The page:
Melbourne's apartment boom ignites call for public transport review

1 month ago
2 minutes

Recent research has highlighted stark disparities between Melbourne’s rapid apartment growth and lagging improvements in public transport services. A 19 year longitudinal study by RMIT's Centre for Urban Research revealed a nearly doubling of apartment numbers (an 88% increase) between 2004-2022, alongside a modest five percent increase within walking distance of these new dwellings. 

RMIT Senior Research Fellow, Dr Chris De Gruyter, indicated that the sluggish expansion of public transport services emphasises the need for residential development to incorporate public transport in future urban planning strategies. 

"Urban policy in the last few decades has shifted from suburban car-based development to encouraging more urban densification around public transport,” De Gruyter stated.

"We’re seeing all these new apartments being built along public transport routes but we’re not seeing services step up to match those new apartment developments,” he said. 

The study also underscored variations between different areas in Melbourne. For instance, apartment housing along the 86 tram route proliferated by 102%, but the tram services merely increased by a fraction of a percent - 0.3%. Conversely, the City of Frankston experienced a 16% increase in apartment housing and amplified their train provisions by a considerable 58%.

Steve Pemberton, RMIT Research Assistant and lead researcher of the study, noted that these dire inconsistencies could help local governments better allocate resources according to their areas.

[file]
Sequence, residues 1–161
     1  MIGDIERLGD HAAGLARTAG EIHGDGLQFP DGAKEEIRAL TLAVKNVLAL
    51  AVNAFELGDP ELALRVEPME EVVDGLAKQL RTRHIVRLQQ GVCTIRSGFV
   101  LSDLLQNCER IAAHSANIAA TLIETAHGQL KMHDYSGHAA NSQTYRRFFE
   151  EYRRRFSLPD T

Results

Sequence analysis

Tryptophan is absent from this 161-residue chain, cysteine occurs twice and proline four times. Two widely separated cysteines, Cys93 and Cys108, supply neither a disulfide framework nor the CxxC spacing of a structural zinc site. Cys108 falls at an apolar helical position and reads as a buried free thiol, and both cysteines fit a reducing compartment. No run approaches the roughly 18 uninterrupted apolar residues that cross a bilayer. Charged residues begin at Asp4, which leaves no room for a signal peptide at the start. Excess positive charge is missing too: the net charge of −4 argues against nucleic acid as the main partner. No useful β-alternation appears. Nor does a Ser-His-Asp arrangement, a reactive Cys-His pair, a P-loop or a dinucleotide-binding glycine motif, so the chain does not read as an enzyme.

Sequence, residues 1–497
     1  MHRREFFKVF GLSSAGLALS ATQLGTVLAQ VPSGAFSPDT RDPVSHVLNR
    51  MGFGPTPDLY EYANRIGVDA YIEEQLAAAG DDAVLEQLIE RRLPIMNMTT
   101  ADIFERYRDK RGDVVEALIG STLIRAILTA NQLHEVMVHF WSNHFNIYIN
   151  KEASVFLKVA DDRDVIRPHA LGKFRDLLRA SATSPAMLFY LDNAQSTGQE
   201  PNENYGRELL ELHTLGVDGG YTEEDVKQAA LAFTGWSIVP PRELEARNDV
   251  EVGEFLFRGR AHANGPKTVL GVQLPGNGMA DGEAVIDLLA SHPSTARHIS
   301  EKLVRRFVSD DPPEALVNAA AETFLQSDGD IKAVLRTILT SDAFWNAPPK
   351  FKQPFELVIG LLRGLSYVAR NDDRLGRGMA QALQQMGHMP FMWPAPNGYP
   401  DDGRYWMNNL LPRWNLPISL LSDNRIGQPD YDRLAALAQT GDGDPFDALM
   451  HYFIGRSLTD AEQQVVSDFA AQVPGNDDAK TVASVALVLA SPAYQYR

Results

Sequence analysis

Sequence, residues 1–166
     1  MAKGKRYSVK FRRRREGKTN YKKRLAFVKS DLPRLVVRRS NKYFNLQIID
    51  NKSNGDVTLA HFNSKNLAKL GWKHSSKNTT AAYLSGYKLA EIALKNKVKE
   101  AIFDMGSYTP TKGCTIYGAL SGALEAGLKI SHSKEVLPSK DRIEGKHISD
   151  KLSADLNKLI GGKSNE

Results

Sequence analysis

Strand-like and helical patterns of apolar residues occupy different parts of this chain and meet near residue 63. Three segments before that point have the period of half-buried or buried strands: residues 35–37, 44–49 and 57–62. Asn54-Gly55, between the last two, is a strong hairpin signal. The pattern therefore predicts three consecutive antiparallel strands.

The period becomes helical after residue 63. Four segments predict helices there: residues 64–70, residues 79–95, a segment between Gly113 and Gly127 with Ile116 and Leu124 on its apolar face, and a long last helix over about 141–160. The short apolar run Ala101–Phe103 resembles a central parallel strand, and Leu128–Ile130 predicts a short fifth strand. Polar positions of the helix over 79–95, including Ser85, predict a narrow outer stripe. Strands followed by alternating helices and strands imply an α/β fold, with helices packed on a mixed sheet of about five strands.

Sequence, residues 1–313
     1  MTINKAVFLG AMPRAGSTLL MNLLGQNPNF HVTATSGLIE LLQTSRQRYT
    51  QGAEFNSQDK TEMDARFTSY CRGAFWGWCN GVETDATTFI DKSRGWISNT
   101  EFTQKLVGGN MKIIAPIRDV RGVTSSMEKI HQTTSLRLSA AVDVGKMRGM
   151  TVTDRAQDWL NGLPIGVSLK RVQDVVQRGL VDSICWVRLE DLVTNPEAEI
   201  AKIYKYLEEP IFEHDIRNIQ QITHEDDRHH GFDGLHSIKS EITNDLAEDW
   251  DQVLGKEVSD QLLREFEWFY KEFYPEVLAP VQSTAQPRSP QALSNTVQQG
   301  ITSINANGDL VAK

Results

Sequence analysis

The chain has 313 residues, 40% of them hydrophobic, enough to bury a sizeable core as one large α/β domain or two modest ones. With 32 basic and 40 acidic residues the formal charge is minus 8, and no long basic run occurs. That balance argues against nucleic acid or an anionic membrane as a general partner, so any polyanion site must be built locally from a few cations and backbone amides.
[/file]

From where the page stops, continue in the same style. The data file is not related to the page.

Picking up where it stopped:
“There's no pattern to why some areas have more frequent services than others. But, it’s apparent that public transport services are not consistently matching the growth of apartment housing,” Pemberton explained. 

A graph of public transport route growth - Courtesy of RMIT University 

In response to the 35% increase in larger-capacity public transport vehicles across Melbourne, primarily trains and trams, Pemberton expressed that such increases do not equate to improved services.

"From the perspective of passengers, they are still waiting long times between services," he said.

"They’re just crammed into a bigger vehicle with more people."

He emphasised that to draw people towards more populated housing, an uplift in public transport services in high-density areas is critical.

“If the objective is to encourage people to live in higher density housing, then an uplift of public transport services in areas where density is increasing should be part of what helps make people want to live there,” he stated. 

This study paves the way for more comprehensive planning in urban development and signals the importance of aligning public transport provision with housing strategies for a more sustainable and liveable city.

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